According to him, there were about 100,000 people in the crowd, and at least 30,000 to 40,000 standing outside. “We’ve got pictures which show people standing even 2 km away – people standing and singing the national anthem – that’s how the whole thing was marketed – at 9.30 am, wherever you are, you can stand up and sing the national anthem... we had IBN Lokmat, Star Majha, Radio Mirchi covering it live,” Darda adds. “Bringing in people on a holiday is easy, but on a Wednesday, a working day, with schools and offices open, to bring in so many people - that’s a feat - gives us a lot of encouragement for the kind of goodwill that we have in the city or in the state. For all our partners, it creates a lot of confidence, and for every person in the team.”
In spite of this connect, does he expect the new generation to grow up and read language newspapers, especially considering how people prefer sending their children to English medium schools? What if tomorrow 75% or more of the readers can’t even read Marathi? “It’s not primarily the language, but the content that appeals to a reader. Growth has been coming from the regional media in the last few years. The point is being relevant to the present. If you can be relevant, there is no reason why people won’t read you. If you continuously come up with newer things and innovate… my belief is that if your content talks of excellence, if it is relevant, if you can give readers what any of the best newspapers of the world are giving, then there is no reason why the language medium needs to be worried. Anyway it’s a tough call to take as nothing is going to change overnight. It’s possible that five years down the line, if that is indeed the scenario, newspapers automatically would change or adapt for the new set of readers,” Darda explains.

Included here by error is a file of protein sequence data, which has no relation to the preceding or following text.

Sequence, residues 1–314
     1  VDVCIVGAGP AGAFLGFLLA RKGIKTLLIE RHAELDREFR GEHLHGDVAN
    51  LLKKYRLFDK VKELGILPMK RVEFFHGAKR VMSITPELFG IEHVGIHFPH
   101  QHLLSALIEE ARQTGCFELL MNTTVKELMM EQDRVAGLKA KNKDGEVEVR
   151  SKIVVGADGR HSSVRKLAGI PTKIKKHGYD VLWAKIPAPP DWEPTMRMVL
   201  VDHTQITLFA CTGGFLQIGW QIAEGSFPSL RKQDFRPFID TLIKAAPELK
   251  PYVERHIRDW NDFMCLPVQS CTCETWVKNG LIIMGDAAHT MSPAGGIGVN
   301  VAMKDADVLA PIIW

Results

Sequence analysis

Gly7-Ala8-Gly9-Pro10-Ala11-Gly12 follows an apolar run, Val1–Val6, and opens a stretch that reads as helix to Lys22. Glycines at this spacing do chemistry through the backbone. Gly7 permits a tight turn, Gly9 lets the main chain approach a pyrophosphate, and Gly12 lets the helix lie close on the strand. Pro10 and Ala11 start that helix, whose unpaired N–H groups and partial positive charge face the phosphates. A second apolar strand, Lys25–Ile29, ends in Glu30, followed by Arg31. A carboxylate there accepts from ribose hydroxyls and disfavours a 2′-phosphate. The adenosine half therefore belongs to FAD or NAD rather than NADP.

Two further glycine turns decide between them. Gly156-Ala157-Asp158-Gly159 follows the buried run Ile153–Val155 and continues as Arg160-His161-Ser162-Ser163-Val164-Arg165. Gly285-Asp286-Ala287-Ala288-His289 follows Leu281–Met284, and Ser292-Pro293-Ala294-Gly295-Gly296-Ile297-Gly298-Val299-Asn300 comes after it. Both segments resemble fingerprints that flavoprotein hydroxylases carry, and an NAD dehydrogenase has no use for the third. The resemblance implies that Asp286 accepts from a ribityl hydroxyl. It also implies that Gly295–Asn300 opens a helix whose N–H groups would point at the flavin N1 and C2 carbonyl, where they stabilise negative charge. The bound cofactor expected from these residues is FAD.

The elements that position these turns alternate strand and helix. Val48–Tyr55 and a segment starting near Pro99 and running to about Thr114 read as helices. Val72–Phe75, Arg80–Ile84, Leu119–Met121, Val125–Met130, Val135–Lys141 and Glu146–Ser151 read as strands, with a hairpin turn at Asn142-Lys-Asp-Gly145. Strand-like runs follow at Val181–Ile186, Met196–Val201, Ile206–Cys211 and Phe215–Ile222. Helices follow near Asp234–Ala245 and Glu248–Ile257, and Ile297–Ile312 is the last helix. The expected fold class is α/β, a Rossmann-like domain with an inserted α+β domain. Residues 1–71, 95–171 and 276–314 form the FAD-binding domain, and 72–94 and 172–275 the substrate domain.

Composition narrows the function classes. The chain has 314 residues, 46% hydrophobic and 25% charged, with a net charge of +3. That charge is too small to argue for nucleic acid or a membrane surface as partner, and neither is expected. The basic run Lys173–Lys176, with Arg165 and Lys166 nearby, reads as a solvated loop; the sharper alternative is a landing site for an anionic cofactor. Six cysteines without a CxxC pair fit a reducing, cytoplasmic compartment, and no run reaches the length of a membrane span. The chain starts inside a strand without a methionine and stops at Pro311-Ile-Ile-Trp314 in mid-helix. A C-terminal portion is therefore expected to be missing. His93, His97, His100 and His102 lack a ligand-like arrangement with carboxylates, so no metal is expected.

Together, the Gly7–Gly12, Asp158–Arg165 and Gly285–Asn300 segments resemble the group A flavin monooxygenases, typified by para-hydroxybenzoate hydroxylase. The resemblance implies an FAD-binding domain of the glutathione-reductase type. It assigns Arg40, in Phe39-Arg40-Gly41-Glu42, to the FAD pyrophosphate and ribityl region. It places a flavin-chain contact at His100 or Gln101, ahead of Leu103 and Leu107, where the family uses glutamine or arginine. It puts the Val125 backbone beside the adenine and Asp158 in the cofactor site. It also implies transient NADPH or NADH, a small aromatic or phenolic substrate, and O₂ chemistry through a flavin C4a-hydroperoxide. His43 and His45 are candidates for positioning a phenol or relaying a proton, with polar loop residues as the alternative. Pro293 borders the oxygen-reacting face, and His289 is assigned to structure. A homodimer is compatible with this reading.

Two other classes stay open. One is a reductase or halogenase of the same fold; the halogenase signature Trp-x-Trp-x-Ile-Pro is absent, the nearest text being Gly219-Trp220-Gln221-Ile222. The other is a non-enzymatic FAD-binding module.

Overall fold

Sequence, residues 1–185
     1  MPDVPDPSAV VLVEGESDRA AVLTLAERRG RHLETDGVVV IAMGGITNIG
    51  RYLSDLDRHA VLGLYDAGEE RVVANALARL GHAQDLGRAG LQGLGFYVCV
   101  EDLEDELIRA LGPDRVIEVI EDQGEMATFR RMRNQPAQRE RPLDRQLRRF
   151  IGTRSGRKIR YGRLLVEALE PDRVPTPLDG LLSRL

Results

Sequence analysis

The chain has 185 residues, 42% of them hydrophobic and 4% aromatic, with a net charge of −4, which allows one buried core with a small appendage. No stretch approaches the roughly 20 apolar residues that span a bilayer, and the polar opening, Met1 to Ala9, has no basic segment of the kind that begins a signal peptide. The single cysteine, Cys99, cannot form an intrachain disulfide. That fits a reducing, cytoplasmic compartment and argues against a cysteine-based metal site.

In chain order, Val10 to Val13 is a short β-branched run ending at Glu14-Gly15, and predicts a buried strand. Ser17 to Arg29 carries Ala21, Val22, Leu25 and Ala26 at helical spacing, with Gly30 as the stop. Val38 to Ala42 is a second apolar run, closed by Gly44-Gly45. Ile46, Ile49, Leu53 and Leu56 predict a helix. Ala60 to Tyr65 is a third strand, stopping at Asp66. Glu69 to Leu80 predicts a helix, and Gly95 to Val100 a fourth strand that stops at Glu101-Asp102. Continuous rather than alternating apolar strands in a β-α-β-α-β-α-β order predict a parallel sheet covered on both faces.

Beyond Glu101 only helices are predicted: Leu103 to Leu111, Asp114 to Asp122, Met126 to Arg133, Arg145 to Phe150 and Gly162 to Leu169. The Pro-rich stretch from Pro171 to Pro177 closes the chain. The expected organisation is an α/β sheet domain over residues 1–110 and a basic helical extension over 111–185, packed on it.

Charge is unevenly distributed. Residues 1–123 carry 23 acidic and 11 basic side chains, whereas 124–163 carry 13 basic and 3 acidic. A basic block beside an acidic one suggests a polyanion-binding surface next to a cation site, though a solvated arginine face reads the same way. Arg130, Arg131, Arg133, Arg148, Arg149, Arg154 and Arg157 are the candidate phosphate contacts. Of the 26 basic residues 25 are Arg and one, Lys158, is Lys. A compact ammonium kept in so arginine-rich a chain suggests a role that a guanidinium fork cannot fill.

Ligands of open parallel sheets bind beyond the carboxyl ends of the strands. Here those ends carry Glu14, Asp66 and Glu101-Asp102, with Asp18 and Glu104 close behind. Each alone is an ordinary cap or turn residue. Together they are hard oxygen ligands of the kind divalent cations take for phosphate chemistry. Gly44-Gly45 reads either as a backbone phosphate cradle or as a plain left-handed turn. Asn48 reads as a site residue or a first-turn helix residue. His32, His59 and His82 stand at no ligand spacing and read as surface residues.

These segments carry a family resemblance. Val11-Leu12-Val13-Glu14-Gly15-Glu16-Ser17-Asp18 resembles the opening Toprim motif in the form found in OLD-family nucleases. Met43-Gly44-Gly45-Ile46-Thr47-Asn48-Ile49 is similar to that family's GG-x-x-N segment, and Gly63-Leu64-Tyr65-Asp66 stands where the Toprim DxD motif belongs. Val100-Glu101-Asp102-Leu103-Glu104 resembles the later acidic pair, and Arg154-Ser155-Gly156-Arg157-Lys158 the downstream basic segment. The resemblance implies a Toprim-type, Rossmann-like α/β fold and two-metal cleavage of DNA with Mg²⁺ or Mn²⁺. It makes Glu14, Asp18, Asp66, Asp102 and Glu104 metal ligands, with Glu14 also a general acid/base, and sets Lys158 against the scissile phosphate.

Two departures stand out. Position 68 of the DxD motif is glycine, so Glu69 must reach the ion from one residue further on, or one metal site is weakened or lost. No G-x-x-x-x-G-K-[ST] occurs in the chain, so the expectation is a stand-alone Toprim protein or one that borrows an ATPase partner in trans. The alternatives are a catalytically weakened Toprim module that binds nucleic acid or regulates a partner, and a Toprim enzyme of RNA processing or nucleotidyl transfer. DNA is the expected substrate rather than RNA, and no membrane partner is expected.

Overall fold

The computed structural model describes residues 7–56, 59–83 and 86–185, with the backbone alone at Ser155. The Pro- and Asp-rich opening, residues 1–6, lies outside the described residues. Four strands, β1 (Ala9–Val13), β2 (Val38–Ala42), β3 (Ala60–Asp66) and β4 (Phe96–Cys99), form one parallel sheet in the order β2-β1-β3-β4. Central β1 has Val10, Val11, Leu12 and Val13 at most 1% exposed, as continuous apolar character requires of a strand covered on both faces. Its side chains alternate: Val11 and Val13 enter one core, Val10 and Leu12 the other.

On core philosophy of the brand
We look at enriching the lives of everyone we are associated with... I believe Lokmat is a superbrand in itself, and we want to create subsets and a lot more superbrands around it.
On a differentiator for Lokmat
How the product is differentiated from others is in terms of resources. The teams that we have are the differentiator... we have always looked for excellence in our teams... the kind of people that we have, it would be difficult for anybody else to bring those many names or that kind of quality of people together. They are continuously striving for innovation, integrity and striving to bring out the best product that they can everyday. That itself is the differentiator, and the way they have picked up the brand values… we are perhaps the only newspaper house in India to have a continuous training programme going on inhouse… there is a 45-day programme which almost every editorial member goes through. Experts from every field come in to teach them everything from subbing, proof-reading, reporting to photography. They then take up projects in the state, outside the state, even outside India. That is what would be the differentiator.